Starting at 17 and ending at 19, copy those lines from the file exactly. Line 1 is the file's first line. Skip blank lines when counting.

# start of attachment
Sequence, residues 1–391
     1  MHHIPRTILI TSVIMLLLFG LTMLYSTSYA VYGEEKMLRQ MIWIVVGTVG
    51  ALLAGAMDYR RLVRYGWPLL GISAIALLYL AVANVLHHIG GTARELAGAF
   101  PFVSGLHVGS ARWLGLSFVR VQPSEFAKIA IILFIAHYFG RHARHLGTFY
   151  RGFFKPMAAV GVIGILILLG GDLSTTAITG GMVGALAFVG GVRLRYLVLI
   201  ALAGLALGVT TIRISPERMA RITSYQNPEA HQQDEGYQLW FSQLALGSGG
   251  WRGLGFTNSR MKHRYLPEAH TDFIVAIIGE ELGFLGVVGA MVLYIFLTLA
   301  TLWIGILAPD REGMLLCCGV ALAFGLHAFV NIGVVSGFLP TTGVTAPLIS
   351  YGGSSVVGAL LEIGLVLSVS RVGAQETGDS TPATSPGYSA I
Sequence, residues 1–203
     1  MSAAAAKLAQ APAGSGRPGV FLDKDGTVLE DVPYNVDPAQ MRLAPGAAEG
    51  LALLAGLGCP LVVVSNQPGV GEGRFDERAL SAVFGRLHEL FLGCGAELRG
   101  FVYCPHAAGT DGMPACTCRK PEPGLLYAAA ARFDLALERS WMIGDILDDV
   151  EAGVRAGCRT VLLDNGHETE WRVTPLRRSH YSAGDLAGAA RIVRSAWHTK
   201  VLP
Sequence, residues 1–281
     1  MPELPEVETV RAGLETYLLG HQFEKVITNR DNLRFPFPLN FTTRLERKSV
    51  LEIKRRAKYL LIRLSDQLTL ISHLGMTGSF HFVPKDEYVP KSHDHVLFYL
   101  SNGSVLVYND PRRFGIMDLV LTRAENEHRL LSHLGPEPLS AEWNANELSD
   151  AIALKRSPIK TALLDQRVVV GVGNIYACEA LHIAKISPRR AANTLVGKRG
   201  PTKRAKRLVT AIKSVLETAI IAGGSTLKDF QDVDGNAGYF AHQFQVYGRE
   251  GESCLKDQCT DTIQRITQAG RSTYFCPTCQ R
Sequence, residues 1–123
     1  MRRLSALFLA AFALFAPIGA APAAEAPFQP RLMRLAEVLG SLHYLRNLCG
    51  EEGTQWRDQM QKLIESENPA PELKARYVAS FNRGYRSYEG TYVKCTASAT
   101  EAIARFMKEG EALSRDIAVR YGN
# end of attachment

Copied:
     1  MPELPEVETV RAGLETYLLG HQFEKVITNR DNLRFPFPLN FTTRLERKSV
    51  LEIKRRAKYL LIRLSDQLTL ISHLGMTGSF HFVPKDEYVP KSHDHVLFYL
   101  SNGSVLVYND PRRFGIMDLV LTRAENEHRL LSHLGPEPLS AEWNANELSD